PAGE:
The Moudawana is Toothless

In this biting essay, Naoufel suggests Morocco still has a long way to go before the ideal of gender equality is reached.


Moroccan blogger, storyteller and writer. 1 comment

Monday, March 29th, 2010

When the new Family Code (Moudawana) first came into existence, Morocco had begun embracing Human Rights for the first time. Then, acting like a bad pupil who can’t believe he got a good mark from his teacher, Morocco bragged about the new law and presented it to the world as a victory for what the official media calls, the New Era: the new regime was hailed as the champion of women’s causes and the defender of their rights, contrary to the hostile Arab environment to which it belongs. The West was supposed to applaud and Morocco to capitalize on this unique photo opportunity, now that it has become friendly to human rights activists.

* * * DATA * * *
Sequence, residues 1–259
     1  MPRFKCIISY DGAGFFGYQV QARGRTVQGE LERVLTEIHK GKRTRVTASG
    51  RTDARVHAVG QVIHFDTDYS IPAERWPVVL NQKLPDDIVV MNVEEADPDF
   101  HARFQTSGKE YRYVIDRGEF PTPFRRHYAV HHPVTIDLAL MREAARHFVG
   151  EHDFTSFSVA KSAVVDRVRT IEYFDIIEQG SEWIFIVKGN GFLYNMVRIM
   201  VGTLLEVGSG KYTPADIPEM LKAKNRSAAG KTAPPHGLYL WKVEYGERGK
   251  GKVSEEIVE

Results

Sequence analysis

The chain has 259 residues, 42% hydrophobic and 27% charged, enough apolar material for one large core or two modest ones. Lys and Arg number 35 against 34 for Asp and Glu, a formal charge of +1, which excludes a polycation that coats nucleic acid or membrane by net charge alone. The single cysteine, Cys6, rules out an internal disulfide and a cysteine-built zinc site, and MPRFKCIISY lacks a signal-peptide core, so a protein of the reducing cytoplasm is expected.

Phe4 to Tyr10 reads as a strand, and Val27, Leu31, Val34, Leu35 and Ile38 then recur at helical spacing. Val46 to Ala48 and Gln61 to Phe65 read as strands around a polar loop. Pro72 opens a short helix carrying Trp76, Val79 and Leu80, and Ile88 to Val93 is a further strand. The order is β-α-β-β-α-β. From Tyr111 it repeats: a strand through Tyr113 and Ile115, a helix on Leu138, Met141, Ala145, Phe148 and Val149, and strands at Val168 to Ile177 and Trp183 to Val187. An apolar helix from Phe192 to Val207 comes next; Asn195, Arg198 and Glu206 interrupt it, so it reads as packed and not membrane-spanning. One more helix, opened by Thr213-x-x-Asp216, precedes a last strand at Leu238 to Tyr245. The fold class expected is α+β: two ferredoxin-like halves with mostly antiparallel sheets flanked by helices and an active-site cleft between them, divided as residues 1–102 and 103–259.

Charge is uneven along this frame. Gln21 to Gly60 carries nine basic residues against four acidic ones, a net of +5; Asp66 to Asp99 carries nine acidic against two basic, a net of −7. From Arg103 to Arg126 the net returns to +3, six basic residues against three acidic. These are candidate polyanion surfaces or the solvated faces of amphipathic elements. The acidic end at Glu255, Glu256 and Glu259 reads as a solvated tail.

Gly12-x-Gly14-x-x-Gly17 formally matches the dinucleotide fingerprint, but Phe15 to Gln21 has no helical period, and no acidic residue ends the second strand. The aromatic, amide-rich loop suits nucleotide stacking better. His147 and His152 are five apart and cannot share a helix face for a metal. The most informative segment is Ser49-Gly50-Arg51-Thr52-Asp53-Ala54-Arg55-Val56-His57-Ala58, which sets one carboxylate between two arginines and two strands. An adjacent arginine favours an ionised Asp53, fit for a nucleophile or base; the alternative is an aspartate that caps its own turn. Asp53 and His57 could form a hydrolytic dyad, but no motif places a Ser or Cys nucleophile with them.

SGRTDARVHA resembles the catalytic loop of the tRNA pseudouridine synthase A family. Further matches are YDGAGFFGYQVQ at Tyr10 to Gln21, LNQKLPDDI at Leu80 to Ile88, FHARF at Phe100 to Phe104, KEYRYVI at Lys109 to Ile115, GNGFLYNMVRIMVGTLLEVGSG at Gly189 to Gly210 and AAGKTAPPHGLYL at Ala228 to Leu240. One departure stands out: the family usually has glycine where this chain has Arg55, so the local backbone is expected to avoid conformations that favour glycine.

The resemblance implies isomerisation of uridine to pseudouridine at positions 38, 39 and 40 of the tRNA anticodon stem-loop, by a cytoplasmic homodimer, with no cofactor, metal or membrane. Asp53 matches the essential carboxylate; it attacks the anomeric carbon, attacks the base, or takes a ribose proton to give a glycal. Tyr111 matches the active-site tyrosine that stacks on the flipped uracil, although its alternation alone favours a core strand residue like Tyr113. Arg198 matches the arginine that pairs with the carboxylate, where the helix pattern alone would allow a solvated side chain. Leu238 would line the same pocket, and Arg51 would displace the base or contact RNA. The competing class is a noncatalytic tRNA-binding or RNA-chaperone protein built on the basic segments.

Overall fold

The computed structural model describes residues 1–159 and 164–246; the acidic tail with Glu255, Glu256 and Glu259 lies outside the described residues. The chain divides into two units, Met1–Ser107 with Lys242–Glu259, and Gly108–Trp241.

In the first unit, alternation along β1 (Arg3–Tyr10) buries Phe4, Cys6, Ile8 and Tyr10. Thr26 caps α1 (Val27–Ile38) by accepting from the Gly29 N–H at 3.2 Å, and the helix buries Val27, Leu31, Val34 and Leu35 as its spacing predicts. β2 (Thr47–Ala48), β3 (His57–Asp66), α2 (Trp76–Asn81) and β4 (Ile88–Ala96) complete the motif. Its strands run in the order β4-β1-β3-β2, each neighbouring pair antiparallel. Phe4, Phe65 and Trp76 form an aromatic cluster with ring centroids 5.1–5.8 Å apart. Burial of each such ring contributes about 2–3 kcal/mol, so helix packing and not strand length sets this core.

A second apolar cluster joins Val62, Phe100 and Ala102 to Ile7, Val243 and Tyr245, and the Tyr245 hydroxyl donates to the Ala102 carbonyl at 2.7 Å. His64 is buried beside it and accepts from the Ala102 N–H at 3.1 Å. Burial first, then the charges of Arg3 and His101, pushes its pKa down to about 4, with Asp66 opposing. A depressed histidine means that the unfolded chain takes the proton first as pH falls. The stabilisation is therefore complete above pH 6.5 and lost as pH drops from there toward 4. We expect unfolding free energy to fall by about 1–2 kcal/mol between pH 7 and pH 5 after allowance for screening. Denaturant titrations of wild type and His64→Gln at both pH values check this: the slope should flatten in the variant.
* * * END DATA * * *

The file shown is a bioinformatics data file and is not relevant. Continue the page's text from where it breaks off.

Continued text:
While I admit that the system really allows women to seek their rights from their husbands before a judge (unless the judge has been bribed by the husband of course), and that the judge really can arbitrate in her favor, I also wonder how will this very woman reach this very judge: Will she reach the court alive? -wounded? -with a broken leg? … Let me just remember that this Moudawana, imposed by the palace, prompted hundreds of thousands of supporters to march for it, and an equal number of opponents to march against it. And the (non) million-dollar question here is: Which solution would you choose to show empathy for an illiterate? Would you get him/her into school and keep looking after him/her until he/she gets a degree or, would you give him/her the degree outright? … Morocco chose the second option.

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Translated by Hisham from مدونة الأسرة لا تجد ما تأكل

Posted on Monday, March 29th, 2010

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